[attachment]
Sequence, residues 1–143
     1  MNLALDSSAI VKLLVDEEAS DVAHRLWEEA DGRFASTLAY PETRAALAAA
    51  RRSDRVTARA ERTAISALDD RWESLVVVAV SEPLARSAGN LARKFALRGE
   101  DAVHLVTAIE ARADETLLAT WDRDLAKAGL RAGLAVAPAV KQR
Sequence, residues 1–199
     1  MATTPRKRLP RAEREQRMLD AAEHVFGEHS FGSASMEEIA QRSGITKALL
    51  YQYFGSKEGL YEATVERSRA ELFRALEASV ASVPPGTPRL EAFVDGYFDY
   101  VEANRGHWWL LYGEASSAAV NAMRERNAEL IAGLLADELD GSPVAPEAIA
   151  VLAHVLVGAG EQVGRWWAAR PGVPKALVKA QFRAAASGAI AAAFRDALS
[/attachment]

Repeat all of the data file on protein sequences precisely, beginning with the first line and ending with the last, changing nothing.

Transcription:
Sequence, residues 1–143
     1  MNLALDSSAI VKLLVDEEAS DVAHRLWEEA DGRFASTLAY PETRAALAAA
    51  RRSDRVTARA ERTAISALDD RWESLVVVAV SEPLARSAGN LARKFALRGE
   101  DAVHLVTAIE ARADETLLAT WDRDLAKAGL RAGLAVAPAV KQR
Sequence, residues 1–199
     1  MATTPRKRLP RAEREQRMLD AAEHVFGEHS FGSASMEEIA QRSGITKALL
    51  YQYFGSKEGL YEATVERSRA ELFRALEASV ASVPPGTPRL EAFVDGYFDY
   101  VEANRGHWWL LYGEASSAAV NAMRERNAEL IAGLLADELD GSPVAPEAIA
   151  VLAHVLVGAG EQVGRWWAAR PGVPKALVKA QFRAAASGAI AAAFRDALS